Connectedness and Robustness
While these structural frameworks improve upon the descriptive strength of simple metrics they are still inadequate. Just because two networks can be classified into the same broad structural category does not mean they are similar. Also, real-world networks do not fit neatly into predefined categories. It is rare to find a network that can be perfectly described by one of these models. Statistically-based distribution fitting also proves ineffective. When performing a Chi-squared test we might reject the null hypothesis of a specified distribution for many, or all, networks under consideration. This could happen because few networks are well-described by a particular distribution. In this case, rejecting numerous hypotheses has not brought us any closer to understanding our observed networks, nor comparing them.
The concept of a network’s robustness against node or link deletions has long been a part of the network science literature. Examples include node and edge connectivity. These figures represent the minimum number of nodes or edges that must be removed to disconnect a graph. Networks exhibiting similar robustness metrics could be said to be similar.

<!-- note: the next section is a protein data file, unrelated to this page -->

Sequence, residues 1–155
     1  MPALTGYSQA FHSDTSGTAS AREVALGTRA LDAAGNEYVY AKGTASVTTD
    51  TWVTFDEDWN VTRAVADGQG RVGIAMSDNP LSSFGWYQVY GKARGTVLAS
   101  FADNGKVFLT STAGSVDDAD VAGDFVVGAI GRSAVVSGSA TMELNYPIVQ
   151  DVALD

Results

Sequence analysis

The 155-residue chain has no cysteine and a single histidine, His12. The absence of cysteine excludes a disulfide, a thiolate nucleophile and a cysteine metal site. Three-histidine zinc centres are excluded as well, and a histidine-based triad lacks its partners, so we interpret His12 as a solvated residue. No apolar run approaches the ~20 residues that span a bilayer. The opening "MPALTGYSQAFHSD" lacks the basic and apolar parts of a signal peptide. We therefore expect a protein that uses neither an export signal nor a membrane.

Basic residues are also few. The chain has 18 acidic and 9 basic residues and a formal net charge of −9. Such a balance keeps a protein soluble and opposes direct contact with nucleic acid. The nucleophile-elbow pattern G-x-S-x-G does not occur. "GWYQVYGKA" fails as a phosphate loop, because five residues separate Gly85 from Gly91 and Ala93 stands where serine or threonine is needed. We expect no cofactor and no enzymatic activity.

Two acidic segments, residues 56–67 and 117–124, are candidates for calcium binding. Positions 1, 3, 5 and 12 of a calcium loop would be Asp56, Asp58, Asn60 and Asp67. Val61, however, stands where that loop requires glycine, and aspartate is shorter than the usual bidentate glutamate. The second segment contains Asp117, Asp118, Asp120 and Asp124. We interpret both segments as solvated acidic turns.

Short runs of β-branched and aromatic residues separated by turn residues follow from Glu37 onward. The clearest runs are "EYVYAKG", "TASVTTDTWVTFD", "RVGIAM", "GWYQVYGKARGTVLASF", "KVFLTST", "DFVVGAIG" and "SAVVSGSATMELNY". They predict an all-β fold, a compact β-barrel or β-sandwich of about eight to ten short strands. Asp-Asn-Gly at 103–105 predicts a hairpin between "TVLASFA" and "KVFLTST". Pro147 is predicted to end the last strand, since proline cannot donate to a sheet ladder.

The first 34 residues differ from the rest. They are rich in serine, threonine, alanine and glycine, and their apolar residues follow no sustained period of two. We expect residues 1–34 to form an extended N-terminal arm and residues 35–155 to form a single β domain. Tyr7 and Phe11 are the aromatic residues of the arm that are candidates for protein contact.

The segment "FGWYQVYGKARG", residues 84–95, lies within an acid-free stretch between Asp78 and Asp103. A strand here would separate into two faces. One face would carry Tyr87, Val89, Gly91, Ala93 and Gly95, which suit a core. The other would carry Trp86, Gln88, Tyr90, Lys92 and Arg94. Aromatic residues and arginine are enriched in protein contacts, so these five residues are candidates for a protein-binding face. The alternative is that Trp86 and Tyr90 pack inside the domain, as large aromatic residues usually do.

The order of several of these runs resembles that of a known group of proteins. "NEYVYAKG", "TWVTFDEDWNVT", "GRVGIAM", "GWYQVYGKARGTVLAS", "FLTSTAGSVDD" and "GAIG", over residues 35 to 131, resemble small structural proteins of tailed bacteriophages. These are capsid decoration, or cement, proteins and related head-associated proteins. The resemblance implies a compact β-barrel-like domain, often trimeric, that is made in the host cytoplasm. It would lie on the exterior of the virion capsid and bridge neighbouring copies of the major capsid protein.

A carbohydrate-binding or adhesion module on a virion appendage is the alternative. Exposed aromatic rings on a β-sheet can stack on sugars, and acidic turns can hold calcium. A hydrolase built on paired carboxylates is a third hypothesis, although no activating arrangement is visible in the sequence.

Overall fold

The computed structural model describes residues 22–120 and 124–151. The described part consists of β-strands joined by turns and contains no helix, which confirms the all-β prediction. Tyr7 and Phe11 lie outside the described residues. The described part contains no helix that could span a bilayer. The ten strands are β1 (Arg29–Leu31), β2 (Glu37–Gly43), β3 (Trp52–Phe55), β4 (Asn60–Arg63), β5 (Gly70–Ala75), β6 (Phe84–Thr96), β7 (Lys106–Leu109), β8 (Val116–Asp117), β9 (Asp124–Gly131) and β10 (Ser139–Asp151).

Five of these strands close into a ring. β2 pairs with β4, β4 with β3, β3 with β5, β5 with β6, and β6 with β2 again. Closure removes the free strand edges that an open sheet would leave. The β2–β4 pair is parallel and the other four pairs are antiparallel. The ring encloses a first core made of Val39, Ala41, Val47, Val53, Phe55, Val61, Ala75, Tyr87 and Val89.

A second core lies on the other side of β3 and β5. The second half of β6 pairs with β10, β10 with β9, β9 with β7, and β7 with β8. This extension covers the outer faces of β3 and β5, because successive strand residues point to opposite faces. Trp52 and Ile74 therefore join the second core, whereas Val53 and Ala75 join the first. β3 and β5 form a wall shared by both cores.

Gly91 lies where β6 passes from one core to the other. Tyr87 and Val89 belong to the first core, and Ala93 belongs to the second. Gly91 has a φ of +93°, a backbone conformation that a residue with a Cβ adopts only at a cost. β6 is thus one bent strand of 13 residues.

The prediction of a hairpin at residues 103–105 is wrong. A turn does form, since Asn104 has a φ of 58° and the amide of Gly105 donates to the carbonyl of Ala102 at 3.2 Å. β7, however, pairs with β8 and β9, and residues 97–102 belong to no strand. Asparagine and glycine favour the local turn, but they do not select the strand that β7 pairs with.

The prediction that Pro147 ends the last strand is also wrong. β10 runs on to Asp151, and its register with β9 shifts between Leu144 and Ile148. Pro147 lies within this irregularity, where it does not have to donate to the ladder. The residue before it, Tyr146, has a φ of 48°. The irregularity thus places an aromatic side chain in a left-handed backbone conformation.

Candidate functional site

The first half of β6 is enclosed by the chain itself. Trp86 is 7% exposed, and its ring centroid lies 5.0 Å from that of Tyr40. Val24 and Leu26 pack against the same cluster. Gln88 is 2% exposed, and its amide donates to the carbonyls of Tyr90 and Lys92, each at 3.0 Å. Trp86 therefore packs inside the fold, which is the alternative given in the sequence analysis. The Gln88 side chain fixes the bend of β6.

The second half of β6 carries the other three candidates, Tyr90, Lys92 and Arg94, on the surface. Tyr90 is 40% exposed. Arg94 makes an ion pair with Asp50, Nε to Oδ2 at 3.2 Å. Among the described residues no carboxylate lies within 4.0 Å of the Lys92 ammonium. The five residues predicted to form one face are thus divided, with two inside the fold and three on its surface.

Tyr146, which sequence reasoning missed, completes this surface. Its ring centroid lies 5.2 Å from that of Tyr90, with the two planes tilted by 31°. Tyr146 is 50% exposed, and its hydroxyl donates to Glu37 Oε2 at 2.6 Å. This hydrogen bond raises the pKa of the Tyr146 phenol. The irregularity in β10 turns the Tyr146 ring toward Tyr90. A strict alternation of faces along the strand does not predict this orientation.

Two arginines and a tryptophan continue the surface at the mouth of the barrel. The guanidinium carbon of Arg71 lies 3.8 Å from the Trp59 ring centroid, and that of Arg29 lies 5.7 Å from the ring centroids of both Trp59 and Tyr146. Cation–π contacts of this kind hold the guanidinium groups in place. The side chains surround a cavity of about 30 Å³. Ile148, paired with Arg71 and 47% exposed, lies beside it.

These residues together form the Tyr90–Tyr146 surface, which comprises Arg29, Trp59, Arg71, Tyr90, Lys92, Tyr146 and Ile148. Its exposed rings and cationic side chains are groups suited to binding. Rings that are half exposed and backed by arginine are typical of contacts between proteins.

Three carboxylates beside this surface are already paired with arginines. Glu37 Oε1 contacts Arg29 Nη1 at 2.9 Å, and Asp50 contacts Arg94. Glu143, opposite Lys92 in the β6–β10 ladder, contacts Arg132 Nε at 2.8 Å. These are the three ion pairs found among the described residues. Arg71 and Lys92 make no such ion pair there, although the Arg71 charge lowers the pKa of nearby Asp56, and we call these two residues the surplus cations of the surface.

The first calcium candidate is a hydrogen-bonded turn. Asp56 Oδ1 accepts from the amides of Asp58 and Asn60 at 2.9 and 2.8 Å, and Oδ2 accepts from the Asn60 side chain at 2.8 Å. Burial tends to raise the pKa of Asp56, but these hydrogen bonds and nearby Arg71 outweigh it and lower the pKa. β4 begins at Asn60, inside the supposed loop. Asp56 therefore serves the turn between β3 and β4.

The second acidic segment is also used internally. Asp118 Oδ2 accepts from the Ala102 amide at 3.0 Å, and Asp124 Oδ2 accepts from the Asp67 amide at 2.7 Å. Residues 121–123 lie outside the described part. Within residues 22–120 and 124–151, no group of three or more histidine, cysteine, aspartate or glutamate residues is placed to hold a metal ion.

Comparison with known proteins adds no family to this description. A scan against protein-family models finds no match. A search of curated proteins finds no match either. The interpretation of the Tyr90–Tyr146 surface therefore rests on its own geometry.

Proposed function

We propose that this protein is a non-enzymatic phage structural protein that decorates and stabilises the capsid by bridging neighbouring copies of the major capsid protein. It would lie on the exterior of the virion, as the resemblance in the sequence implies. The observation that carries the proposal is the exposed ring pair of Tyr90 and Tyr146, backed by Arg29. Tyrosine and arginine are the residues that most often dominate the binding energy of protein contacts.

But observe, robustness measures themselves are sensitive to minor modifications in network structure, and carry the same burdens as their simple metric counterparts. Also note that connectedness figures do not account for network size, in terms of node-set or edge-set cardinalities. Two networks could have the same connectivity, yet differ in size.
Future-Oriented Dynamic Analysis